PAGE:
Wednesday, February 6, 2019

State of Gambian agriculture from OJ's standpoint

This blog post was first published in December, 2017
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Patcharr Rice fields
Hon. Omar Jallow, affectionately referred to by his initials O.J. is Gambia's agriculture minister who had previously served in the same position for over a decade during the Jawara administration.  He is, therefore, as qualified as any to assess a sector of the country's economy that is the single largest contributor to GDP and provides employment to 70% of the country's 2 million inhabitants.

Despite its absolute importance to Gambia's economic well being, and the former dictator professed  commitment to promoting it, the agriculture sector has suffered discernibly in the last two decades.

Faced with steady decline in agricultural production, particularly as it relates to the main cash crop, due to inappropriate policies.  Agricultural land has been expropriated from communities by the former dictator in an agrarian with devastating effect that denied access to communal lands across the country, causing disruptions to an otherwise traditional tenure system, negatively impacting production.
Although exogenous factors have contributed to the general decline in agricultural production, the constant human disruptions by the former regime in the name of food self-sufficiency have contributed to the decline.  According to the agriculture minister, government is in the process of returning communal land to its rightful owners.

In the last two decades, the role of government has increased in agricultural production while its role in extension services in support of the farmer has declined. with the obliteration of the Extension and Crop Protection Services, leaving the Gambian farmer to his or her own devises.  It is encouraging that the agriculture minister recognizes the problem and he's in the process of restoring these very vital support services to the farming communities.

The Cooperative Societies of farmers that formed the Cooperative Union empowered farmers and gave them ownership, stake and control of a very vital aspect of their lives have been disbanded.  Through their societies - owned and operated on behalf of farmers - local farmers were able to channel their agricultural input requirements and ultimate distribution in preparation for the next farming season.

The Cooperative Societies also served as buying points as well as agent for agricultural credit extended to farmers.  The reintroduction of cooperative societies will put the farmer back in the driver seat while focusing government's role more in providing extension/support services.  It will also expedite the process of the private investor partnership with local communities to replace government whose energy should refocus on providing extension services to the sector.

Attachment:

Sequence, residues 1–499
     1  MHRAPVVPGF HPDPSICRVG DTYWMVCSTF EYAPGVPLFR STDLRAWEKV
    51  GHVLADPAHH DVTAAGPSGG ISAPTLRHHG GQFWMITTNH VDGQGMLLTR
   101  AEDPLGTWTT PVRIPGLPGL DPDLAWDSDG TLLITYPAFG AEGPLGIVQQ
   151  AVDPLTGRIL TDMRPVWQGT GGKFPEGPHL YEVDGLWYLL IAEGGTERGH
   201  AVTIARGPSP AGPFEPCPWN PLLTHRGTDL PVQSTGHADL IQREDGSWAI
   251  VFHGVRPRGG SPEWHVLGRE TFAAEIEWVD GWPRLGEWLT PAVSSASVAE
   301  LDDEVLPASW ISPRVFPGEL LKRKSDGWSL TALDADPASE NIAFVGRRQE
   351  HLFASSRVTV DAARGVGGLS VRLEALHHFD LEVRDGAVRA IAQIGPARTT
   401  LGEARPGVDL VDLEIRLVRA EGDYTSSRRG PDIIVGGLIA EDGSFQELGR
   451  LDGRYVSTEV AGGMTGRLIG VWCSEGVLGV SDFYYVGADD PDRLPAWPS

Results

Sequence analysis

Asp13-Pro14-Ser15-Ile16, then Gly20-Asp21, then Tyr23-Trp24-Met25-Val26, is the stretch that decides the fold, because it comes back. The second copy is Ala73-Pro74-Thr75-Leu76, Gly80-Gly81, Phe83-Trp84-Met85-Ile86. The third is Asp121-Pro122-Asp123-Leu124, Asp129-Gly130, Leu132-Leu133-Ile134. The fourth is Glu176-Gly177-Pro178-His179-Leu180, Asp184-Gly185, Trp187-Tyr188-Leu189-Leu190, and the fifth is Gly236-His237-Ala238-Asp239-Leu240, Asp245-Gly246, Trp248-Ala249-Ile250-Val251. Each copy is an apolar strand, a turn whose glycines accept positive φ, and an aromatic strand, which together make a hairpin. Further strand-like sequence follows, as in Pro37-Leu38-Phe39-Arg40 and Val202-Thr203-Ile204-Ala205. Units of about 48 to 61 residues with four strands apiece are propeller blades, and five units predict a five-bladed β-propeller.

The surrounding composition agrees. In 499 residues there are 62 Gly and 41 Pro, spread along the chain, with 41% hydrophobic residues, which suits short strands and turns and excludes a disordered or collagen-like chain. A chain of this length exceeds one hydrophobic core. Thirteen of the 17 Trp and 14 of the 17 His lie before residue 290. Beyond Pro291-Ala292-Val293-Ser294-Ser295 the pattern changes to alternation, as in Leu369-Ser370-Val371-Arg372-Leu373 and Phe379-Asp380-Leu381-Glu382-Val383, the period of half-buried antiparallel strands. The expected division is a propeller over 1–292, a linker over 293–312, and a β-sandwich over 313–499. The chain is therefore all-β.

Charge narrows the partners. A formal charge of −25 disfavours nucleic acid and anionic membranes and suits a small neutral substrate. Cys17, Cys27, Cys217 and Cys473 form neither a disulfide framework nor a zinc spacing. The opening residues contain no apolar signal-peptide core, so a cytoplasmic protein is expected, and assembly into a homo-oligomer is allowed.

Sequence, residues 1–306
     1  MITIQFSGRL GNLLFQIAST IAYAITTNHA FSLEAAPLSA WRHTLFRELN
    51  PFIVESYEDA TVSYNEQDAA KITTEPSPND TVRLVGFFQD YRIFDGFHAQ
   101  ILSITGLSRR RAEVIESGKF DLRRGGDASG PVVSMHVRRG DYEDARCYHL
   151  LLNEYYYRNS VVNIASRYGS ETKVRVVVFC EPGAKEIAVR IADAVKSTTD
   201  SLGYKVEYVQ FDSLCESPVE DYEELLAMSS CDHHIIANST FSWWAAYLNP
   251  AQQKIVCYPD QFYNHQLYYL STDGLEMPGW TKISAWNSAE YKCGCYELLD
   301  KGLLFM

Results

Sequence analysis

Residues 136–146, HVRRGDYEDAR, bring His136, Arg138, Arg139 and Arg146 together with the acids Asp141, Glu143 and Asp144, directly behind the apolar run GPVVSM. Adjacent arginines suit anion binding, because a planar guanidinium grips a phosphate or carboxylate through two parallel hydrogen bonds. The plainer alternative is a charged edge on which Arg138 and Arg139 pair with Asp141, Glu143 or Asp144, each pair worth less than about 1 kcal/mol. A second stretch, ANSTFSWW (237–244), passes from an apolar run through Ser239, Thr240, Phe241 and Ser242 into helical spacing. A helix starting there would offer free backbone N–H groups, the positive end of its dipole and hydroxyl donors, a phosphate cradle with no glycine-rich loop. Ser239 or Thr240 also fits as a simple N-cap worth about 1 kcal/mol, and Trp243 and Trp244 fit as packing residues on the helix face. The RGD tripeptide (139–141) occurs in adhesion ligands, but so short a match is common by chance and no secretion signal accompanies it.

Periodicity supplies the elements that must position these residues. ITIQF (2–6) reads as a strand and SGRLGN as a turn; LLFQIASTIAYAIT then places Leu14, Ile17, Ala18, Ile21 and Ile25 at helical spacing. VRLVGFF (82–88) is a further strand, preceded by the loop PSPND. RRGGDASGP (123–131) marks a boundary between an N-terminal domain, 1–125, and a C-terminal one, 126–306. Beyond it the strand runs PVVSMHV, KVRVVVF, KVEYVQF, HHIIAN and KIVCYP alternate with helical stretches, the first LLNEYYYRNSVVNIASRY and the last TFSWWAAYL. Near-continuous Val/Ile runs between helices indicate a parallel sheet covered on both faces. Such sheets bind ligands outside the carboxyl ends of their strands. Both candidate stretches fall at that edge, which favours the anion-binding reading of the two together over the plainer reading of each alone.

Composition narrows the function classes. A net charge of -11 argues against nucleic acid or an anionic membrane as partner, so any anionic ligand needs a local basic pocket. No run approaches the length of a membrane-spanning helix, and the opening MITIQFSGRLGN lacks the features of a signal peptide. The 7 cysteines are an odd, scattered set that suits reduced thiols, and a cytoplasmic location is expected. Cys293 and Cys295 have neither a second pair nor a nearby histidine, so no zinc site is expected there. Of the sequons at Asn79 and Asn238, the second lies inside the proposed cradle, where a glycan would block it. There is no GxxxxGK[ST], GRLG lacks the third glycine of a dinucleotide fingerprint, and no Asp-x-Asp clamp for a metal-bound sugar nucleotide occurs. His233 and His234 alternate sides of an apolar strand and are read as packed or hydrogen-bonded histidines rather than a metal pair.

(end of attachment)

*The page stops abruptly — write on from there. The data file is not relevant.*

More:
For a very long time, lip-service has been paid to agricultural diversification with a disproportionate time focused on a single cash crop.  The economic value of clinging on to groundnut at the expense of other economic crops like cotton, sunflower seeds and cashew, is increasingly questionable.

Adding value through processing of our agricultural products has also fallen short, more out of lack of a secure and friendly investment climate under Jammeh, despite several government pronouncements and false starts under Jammeh.  The current political environment lends itself to new private investment policy initiatives that will attract serious investors in agri-processing. 

The horticultural sub-sector fell victim of the 1994 Jammeh-led coup d'etat with the expulsion of owners of Radville Farms, the leading exporter of vegetable produce to the U.K. market, as well as to Jammeh's clandestine mining operations and land grabbing binge in the Kombos that saw horticultural land expropriated.  Operators of Radville Farms, at the time of being expelled, were employers to 100,000 Gambians.  It is gratifying to learn that efforts are underway for the company to resume business in The Gambia.
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Delay in marketing arrangements for the 2015/2016 groundnut season bad for the farmer and economy

This blog post was first published in December, 20115
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A groundnut farmer
The decision of the Jammeh regime to stay silent on the marketing arrangements for this year's groundnut marketing season is not only worrying but downright callous behavior. Equally callous is its decision not to officially announce the 2014/2015 final tonnage purchased by the defunct Gambia Groundnut Corporation (GGC).

The same pattern of silence was displayed last year in declaring the regime's plan to purchase the crop from farmers who depend entirely on this single once-a-year economic activity for their livelihood.

The culture of silence and deception has become a hallmark of the Jammeh regime.  For example, we've come to learn only in May this year, and only through newspaper accounts, that GGC has been subsumed into a new agency that is called The National Food Security Processing and Marketing Corporation (NFSMC).  An Act creating the new entity is not accessible to us.  We hope it exists.